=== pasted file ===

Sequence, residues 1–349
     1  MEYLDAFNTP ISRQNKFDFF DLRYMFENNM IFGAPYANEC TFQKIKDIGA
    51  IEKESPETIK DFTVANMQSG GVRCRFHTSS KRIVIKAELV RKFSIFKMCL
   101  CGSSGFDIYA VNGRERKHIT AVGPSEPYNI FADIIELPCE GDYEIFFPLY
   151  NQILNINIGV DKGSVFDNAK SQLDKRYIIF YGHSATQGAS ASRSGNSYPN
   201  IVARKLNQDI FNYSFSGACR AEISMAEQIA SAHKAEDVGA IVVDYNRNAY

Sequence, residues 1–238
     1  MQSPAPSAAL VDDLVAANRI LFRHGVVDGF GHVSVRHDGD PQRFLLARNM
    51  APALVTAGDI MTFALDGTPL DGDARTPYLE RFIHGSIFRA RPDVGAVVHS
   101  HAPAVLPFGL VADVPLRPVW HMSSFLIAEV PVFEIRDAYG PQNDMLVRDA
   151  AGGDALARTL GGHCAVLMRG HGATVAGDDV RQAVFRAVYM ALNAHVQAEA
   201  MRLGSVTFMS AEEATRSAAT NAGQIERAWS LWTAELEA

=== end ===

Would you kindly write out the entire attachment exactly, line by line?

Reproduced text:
Sequence, residues 1–349
     1  MEYLDAFNTP ISRQNKFDFF DLRYMFENNM IFGAPYANEC TFQKIKDIGA
    51  IEKESPETIK DFTVANMQSG GVRCRFHTSS KRIVIKAELV RKFSIFKMCL
   101  CGSSGFDIYA VNGRERKHIT AVGPSEPYNI FADIIELPCE GDYEIFFPLY
   151  NQILNINIGV DKGSVFDNAK SQLDKRYIIF YGHSATQGAS ASRSGNSYPN
   201  IVARKLNQDI FNYSFSGACR AEISMAEQIA SAHKAEDVGA IVVDYNRNAY

Sequence, residues 1–238
     1  MQSPAPSAAL VDDLVAANRI LFRHGVVDGF GHVSVRHDGD PQRFLLARNM
    51  APALVTAGDI MTFALDGTPL DGDARTPYLE RFIHGSIFRA RPDVGAVVHS
   101  HAPAVLPFGL VADVPLRPVW HMSSFLIAEV PVFEIRDAYG PQNDMLVRDA
   151  AGGDALARTL GGHCAVLMRG HGATVAGDDV RQAVFRAVYM ALNAHVQAEA
   201  MRLGSVTFMS AEEATRSAAT NAGQIERAWS LWTAELEA